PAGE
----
Wide-FOV Monocentric LF Camera
This work presents the first single-lens wide-field-of-view (FOV) light field (LF) camera. Shown above are two 138° LF panoramas and a depth estimate. These are 2D slices of larger 72 MPix (15 × 15 × 1600 × 200) 4D LFs. The depth estimate is based on a standard local 4D gradient method. The superresolution, parallax pan, and refocus examples below demonstrate more of the 4D structure of these panoramas. Click here for individual Panoramas.
Both wide-FOV and LF capture have been shown to simplify and enhance a range of tasks in computer vision, and we expect their combination to find application spanning autonomous vehicles, virtual and augmented reality capture, and robotics in general.
(left) The optical prototype employs a novel relay system and a rotating arm to emulate a tiled-sensor camera; (top-right) The main lens and lenslet array; (bot-right) The monocentric lens (fore), Lytro Illum (center), and a conventional lens with similar FOV and resolution (back).
• D. G. Dansereau, G. Schuster, J. Ford, and G. Wetzstein, “A wide-field-of-view monocentric light field camera,” in Computer Vision and Pattern Recognition (CVPR), 2017. Available here, poster here.
• G. M. Schuster, I. P. Agurok, J. E. Ford, D. G. Dansereau, and G. Wetzstein, “Panoramic monocentric light field camera,” in International Optical Design Conference (IODC), 2017.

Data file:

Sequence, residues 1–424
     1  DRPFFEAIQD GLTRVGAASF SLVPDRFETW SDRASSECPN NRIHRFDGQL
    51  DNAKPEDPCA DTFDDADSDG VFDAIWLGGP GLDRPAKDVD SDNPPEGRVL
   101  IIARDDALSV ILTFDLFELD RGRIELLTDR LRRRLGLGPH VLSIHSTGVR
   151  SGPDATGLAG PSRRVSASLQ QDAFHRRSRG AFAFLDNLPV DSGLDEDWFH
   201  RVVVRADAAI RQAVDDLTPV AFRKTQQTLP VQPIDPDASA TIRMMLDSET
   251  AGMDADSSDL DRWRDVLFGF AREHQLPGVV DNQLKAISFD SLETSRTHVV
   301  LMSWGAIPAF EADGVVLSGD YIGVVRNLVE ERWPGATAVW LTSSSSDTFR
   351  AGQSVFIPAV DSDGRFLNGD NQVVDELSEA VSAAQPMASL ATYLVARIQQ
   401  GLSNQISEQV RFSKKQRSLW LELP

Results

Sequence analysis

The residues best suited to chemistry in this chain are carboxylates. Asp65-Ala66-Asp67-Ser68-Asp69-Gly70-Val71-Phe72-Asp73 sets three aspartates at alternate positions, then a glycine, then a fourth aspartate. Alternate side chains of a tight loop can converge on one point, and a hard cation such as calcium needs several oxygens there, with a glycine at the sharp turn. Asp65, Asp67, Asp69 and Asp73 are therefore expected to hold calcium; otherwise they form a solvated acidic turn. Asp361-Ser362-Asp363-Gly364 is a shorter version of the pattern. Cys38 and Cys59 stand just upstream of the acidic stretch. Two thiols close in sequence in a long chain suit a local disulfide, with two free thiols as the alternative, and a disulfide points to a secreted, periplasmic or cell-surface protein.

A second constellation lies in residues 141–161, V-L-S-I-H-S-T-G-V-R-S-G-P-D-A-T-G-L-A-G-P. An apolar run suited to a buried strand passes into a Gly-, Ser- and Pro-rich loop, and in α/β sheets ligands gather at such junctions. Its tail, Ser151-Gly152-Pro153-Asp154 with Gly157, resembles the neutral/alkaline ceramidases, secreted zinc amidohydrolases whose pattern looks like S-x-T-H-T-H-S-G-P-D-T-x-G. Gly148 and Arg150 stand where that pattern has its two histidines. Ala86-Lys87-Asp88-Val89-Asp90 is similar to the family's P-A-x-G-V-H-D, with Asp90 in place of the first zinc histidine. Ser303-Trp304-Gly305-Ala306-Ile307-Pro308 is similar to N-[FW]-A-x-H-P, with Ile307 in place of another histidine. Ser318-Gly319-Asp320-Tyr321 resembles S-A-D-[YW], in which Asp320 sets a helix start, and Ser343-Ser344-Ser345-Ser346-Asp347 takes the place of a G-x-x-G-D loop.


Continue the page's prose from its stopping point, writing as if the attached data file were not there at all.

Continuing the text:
This work was a collaboration between Donald Dansereau and Gordon Wetzstein from the Stanford Computational Imaging Lab and Joseph Ford, Glenn Schuster and Ilya Agurok from the Photonic Systems Integration Laboratory
, UC San Diego.
The project page at the Stanford Computational Imaging Lab is here
We thank Kurt Akeley and Lytro for a hardware donation that enabled this work. This work is supported by the NSF/Intel Partnership on Visual and Experiential Computing (Intel #1539120, NSF #IIS-1539120). The authors thank Google ATAP for providing the Omnivision sensor interface, and Julie Chang and Sreenath Krishnan for their help with early optical prototypes. The monocentric lenses used in this work were fabricated within the DARPA SCENICC research program.
(click to enlarge)
Parallax pan: Panning through a 138°, 72-MPix LF captured using the optical prototype. Shifting the virtual camera position over a circular trajectory during the pan reveals the parallax information captured by the LF. There is no complex post-processing or alignment between fields, this is the raw light field as measured by the camera.
Refocus examples, carried out using unmodified shift-and-sum LF refocus.
Enhance! LF super-resolution, using a simple linear method.
Optical layout: A monocentric lens (blue) produces a spherical image (red), which we capture using tiled sensors (gray), lenslet arrays (cyan), and LF processing to correct for field curvature.
Field flattening: the spherical lens yields LFs with distorted depth information. We derive a simple method for correcting this distortion. The video shows a sequence of before/after images for individual sensors behind the monocentric lens. The corrected versions show parallax behaviour close to ideal, while before correction they show noticeable bulging near the center.
The proposed camera-centric relative spherical parameterization, with monocentric lens at the center of the reference sphere, absolute entry angle , and relative exit angle .
The spherical parameterization is locally well approximated by a two-plane parameterization. This allows us to employ a rich range of existing LF processing techniques on spherical LFs.
Raytracer demonstrating the sampling pattern of an ideal spherical camera to be very close to a rectangular grid in the proposed parameterization; for clarity rays from only two lenslets are shown in the diagram at right, and is not depicted.